A simple fix could see Chinese tourists add another $27 million to Victoria
If Chinese tourists spent an extra 1 per cent in Victoria, it would add as much as $27 million to the local economy – and it could be made possible with a simple solution.
Currently Victoria’s fastest-growing source of visitors, Chinese tourists account for a third of total tourism income – but half of them are not happy shoppers and a third cite language for not recommending the destination to others, according to Tourism Research Australia.
One group of students from Melbourne Business School say those issues could easily be addressed by spending just a tenth of the price to fix basic pain points.
"Chinese travellers are a growth segment and would spend more if they could get help with translation and information on what's around them. By using technology, we can give them all they need on their mobile phones," says MBA student Ashwin George.
Ashwin, Swati Maini and Charlie MacDonald spent days grappling with the problem before realising they could solve it with a mobile app that helps remove the language barrier to local food and shopping options using QR codes and geolocation.
"We're not suggesting anything new," Swati says, "just an innovative way to bring everything together into one place to enhance the overall travel experience."
Called Travel Buddy, the app would allow Chinese tourists to walk around Melbourne with their mobile phone and receive alerts in their native language when they approach a restaurant or place of interest. The app and related infrastructure would cost about $2.6 million and take less than 12 months to roll out, according to Charlie.
"Travel Buddy replaces a tour guide with added benefits. It’s about removing barriers. We want people to feel whenever they need to ask about something, find the next shopping or off-the-grid experience, or even feel they're lost, they have the answers and help they need in their pocket."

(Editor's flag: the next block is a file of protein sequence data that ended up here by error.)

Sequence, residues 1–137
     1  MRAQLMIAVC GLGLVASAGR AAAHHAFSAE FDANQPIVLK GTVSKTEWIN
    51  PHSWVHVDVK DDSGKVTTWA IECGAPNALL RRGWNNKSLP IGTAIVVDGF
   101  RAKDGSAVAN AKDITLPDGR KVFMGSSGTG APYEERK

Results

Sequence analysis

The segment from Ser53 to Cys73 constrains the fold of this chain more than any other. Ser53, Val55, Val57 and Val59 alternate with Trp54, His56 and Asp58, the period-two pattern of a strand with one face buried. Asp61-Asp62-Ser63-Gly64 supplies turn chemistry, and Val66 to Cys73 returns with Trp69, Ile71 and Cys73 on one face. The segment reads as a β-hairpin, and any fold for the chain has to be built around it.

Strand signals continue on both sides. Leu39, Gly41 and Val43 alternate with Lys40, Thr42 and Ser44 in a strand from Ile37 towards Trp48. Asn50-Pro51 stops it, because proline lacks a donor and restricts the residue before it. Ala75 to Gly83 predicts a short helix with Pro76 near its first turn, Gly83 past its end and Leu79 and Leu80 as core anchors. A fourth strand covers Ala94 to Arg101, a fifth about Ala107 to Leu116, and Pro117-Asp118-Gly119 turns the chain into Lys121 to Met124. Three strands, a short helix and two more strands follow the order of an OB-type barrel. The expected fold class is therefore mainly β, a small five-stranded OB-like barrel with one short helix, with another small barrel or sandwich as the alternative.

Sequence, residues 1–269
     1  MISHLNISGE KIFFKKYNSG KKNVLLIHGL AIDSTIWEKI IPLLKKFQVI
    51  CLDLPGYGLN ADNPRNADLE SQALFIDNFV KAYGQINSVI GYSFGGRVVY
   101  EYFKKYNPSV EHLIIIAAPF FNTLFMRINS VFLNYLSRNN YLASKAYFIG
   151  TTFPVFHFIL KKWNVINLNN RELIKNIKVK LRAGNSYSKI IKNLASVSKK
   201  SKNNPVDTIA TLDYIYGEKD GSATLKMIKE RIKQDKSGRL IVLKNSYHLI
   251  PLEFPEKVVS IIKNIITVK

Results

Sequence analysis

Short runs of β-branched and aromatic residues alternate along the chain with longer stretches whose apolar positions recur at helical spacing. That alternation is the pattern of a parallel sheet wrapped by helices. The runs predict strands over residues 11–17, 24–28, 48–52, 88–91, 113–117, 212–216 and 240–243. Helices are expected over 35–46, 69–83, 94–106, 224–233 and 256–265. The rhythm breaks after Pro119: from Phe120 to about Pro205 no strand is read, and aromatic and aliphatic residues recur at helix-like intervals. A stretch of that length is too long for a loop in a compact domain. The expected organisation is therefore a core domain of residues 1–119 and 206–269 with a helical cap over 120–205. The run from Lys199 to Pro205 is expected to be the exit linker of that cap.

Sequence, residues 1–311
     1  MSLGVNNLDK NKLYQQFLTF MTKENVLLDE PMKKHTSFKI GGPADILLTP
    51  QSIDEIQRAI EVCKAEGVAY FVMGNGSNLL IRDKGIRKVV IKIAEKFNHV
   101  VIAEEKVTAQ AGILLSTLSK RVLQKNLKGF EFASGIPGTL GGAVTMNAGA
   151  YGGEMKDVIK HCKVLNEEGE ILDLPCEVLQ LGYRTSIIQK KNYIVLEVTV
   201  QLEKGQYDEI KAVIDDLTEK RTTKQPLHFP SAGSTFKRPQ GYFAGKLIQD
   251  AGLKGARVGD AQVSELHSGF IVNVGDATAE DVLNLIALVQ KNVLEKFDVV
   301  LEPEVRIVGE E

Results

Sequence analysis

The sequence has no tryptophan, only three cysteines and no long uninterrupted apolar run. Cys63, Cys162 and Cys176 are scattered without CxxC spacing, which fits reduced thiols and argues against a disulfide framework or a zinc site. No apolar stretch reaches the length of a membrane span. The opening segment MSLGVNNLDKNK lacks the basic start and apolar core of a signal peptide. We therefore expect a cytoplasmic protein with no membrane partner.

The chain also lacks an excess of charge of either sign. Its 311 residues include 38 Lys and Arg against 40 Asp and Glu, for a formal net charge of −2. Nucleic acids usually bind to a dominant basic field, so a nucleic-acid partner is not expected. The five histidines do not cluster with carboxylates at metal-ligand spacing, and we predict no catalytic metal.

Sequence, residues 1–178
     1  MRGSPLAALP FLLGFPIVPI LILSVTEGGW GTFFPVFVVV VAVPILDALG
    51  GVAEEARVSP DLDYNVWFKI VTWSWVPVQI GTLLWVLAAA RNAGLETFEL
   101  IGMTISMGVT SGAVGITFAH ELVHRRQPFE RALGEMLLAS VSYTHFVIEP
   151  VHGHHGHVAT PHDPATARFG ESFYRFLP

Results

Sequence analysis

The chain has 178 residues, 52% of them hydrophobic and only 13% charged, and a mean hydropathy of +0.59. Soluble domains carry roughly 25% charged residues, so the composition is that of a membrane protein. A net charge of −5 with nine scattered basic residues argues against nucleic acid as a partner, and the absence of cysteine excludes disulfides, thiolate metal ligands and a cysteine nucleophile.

Ashwin says Travel Buddy would also give Chinese visitors the confidence to travel beyond Melbourne and into regional Victoria.
"We also include a Visit Victoria game, which offers points and incentives to visit regional attractions and locations around Melbourne."
Travel Buddy was the winning concept at the recent Visit Victoria Case Competition, which saw teams of Melbourne Business School students attempt to solve real-world tourism challenges with innovative business plans.
Along with co-judges including Melbourne Business School Dean Ian Harper and Invest Victoria's Nigel Aldon, former Tourism Victoria Chairman and competition sponsor John Kennedy loved the idea.
"The students offered a well-developed strategy and implementation plan to enhance per-visitor spend from the vital Chinese market. They've come up with a complete ready-for-action package," Mr Kennedy said.
The competition win has Charlie, a business intelligence consultant, Swati, an application specialist at the Good Guys, and Ashwin, a MyChemist pharmacy manager, wondering if their next career move might be to take the concept to market.
"It's funny when you spend so much time involved in an idea like this and develop a model for it, while also having careers," Charlie says.
"It's like, 'Do we quit and start doing this?' It would be incredible to say it happened because of this competition at Melbourne Business School."
The annual Visit Victoria Case Competition offers $9000 in prize money, provided by Mr Kennedy, to the best three ideas from the School's MBA students.
Second-place winners were Christine Kang, Shayne Kumar and Kellie Johnson for their idea to lure international tourists by using mobile phone technology to highlight Melbourne and Victoria's extraordinarily global food scene.
Coming in third was David Creak for his Book That Site suggestion to use technology to help visitors from anywhere book campsites around Victoria more easily.
"The judges were impressed with the quality and diversity of solutions recommended by the other entrants," Mr Kennedy said. "The competition is a valuable opportunity for students to draw on their skill sets and focus on a live issue, vital to Victoria's export-earning tourism sector."